Cherries and cherry juice are our allies against obesity, hypertension, hypercholesterolemia and inflammation. This emerges from a very recent scientific research that appeared in Nutrients magazine thanks to the work of an American team from Texas A&M University (Arbizu et al, Nutrients, 2023).
Obesity and its consequences
Obesity is a condition that is causing more and more cases to be recorded. It is estimated that 31% of the population in the United States is obese. The problem is that obesity brings with it an increase in inflammation and free radicals, which in turn, as a consequence, increase the risk of developing hypertension, hyperglycemia, dyslipidemia and hence cardiovascular disease and tumors. An active lifestyle and a healthy, balanced diet, which includes legumes, whole grains, fruit and vegetables, can do much to counteract obesity. In particular, foods rich in polyphenols are of considerable importance, as they are able to effectively combat obesity and its risks. Among all foods, cherries are a very interesting choice, both because they are very tasty and therefore are eaten willingly, and because they are a precious source of polyphenols with an anti-inflammatory and antioxidant action, such as phenolic acids and anthocyanins, which in addition give the beautiful dark red color to these fruits. Previous studies performed in the laboratory on a population of animals had already been able to show that the intake of cherries is able to reduce high blood sugar, but also triglycerides and bad LDL cholesterol in the case of a high-fat diet. Even studies carried out on humans had shown healthy properties not only of cherries but also of their juice, capable, two hours after ingestion, of reducing blood pressure with benefits on the heart. The study we are talking about today investigated the cardioprotective action of cherries and their juice, also testing it in the case of existing obesity.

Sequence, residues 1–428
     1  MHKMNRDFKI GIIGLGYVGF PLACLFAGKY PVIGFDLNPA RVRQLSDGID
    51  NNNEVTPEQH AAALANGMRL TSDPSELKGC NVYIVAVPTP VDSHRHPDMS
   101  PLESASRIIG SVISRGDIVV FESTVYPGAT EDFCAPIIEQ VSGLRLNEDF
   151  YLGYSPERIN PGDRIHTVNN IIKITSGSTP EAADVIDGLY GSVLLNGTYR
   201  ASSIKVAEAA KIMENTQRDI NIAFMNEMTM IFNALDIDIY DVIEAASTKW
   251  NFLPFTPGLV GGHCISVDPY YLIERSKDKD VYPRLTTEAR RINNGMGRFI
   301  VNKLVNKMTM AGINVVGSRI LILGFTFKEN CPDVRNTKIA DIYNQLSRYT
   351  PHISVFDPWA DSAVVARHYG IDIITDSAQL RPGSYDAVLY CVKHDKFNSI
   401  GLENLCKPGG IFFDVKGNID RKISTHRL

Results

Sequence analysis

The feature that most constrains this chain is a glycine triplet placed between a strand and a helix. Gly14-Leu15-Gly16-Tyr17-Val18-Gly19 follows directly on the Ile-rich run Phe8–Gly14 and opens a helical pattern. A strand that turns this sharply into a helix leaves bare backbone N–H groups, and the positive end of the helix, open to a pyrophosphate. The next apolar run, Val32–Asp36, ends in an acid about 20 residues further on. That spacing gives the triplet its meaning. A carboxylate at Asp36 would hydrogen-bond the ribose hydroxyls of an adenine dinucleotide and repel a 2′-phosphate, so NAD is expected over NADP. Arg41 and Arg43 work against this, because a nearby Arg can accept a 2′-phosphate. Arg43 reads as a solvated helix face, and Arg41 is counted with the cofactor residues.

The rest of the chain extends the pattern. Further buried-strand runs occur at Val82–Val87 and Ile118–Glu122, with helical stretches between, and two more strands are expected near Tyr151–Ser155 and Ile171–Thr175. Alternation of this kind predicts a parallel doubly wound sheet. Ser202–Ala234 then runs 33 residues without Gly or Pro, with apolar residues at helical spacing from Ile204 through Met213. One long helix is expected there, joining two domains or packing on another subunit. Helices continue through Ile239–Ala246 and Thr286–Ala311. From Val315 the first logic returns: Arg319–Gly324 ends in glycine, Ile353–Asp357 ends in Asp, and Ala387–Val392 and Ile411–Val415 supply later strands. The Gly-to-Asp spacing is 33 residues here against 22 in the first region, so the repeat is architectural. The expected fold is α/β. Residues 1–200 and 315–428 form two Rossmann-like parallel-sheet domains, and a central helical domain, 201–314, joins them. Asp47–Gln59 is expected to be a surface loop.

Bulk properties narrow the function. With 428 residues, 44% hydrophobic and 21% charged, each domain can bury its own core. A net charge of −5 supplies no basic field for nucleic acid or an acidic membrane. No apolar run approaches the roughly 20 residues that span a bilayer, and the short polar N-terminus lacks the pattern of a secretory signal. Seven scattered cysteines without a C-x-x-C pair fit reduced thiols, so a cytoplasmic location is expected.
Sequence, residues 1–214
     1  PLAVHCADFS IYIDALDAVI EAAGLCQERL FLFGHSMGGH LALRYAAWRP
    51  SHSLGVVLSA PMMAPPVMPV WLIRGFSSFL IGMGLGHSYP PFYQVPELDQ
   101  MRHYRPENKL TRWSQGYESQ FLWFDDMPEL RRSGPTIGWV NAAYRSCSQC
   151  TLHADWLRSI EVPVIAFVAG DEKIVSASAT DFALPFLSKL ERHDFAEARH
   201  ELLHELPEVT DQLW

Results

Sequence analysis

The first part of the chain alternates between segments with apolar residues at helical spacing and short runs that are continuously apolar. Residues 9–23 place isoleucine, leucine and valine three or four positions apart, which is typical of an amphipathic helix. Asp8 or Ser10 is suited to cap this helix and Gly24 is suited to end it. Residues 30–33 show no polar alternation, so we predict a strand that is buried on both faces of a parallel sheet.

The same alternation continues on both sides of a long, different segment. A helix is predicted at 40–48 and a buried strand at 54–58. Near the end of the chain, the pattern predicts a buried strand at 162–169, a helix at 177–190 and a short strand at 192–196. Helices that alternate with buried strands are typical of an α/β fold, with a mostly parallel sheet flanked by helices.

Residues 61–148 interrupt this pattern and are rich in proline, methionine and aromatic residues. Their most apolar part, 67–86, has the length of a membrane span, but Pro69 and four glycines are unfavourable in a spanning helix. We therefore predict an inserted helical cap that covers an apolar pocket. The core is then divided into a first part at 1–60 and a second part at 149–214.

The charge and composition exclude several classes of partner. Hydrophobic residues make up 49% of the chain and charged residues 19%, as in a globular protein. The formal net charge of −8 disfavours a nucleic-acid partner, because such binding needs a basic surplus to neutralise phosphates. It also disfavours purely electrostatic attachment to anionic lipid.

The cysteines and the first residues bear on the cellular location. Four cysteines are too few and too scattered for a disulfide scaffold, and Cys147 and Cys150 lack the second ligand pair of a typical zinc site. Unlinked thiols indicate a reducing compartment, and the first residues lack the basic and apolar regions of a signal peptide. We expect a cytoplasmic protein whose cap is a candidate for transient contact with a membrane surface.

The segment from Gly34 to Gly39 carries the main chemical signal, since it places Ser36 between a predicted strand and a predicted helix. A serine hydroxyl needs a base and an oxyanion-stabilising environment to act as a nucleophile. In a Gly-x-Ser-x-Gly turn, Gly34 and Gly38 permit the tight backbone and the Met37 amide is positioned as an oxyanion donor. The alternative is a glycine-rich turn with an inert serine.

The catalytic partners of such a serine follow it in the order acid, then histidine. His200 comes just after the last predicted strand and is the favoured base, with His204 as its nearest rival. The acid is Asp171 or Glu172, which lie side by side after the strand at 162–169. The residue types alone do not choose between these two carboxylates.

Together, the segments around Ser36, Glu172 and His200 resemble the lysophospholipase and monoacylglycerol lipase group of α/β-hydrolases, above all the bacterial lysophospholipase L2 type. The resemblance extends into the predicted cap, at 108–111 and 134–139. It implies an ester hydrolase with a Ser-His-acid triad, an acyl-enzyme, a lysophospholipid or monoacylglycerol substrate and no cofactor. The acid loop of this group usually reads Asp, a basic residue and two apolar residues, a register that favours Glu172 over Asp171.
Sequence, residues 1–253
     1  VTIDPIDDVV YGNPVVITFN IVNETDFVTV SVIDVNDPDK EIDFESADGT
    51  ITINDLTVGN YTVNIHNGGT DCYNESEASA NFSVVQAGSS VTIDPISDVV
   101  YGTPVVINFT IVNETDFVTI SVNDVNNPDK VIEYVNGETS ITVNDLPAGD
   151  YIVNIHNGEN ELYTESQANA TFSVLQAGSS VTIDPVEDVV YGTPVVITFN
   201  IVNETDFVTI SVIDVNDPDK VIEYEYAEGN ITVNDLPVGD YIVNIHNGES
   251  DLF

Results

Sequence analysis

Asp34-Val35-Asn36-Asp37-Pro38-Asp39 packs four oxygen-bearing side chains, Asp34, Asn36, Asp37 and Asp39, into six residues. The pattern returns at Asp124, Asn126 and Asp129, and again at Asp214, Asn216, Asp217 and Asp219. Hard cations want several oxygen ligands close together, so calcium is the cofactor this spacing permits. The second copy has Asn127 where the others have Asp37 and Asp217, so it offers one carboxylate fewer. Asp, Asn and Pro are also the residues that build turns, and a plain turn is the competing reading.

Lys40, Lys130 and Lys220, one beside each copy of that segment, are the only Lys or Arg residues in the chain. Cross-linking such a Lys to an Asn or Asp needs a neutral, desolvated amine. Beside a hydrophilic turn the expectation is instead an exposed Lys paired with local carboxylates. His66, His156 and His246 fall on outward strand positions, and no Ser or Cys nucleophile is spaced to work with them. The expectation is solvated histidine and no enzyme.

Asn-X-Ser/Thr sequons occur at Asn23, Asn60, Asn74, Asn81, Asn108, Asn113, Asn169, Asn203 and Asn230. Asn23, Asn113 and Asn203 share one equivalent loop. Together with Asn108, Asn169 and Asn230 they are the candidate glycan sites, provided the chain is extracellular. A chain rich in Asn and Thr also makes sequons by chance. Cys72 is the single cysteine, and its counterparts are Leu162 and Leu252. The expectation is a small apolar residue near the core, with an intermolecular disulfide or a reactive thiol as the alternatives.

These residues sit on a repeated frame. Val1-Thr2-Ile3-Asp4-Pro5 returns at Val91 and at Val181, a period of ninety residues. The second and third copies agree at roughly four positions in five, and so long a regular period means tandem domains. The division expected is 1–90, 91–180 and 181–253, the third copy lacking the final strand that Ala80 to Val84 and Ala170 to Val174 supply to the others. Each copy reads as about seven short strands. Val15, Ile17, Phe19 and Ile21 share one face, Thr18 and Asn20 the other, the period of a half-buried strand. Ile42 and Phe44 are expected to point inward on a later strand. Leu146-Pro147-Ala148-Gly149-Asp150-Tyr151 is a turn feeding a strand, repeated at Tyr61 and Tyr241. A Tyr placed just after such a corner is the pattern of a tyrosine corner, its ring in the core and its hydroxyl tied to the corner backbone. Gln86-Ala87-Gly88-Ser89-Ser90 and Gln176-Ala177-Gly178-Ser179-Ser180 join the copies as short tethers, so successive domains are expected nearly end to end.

The cardioprotective properties of cherry juice, the study
The scientists recruited 40 people, all adults and obese. Half of the volunteers were asked to drink 200 ml of cherry juice twice a day for one month. The other half were offered a placebo instead. Before and after the experiment, the volunteers underwent medical examinations and blood tests. What emerged was that, after a month, those who had taken the cherry juice did not show weight gain while this was observed in the placebo group. Not only that, the noteworthy fact was that, in the group that had taken the cherry juice, both the systolic and diastolic blood pressures showed a reduction in their values. This effect was greater in the case of higher body mass index, the parameter by which obesity is calculated. High body mass indexes are generally associated with high blood pressure, so cherry juice showed a higher effect in cases where there was a greater need for action. In addition to what has just been stated, cherry juice also made it possible to reduce circulating pro-inflammatory substances. Instead, no effects were recorded with regard to blood sugar, cholesterol and triglycerides, but this fact was expected as the study participants had values within the normal range. Further studies will have to follow to verify the action of cherries in case of altered values of cholesterol, triglycerides and blood sugar.
Cherries and, when it is not in season, cherry juice are therefore valid allies in the fight against obesity and its consequences. In any case, as far as juice is concerned, it is important to choose it without added sugar and you should never overdo it, always trying to integrate it into a healthy, varied and fiber-rich diet. In fact, even fibers, which are found in the whole fruit, help to counteract overweight and alterations in cholesterol and blood sugar.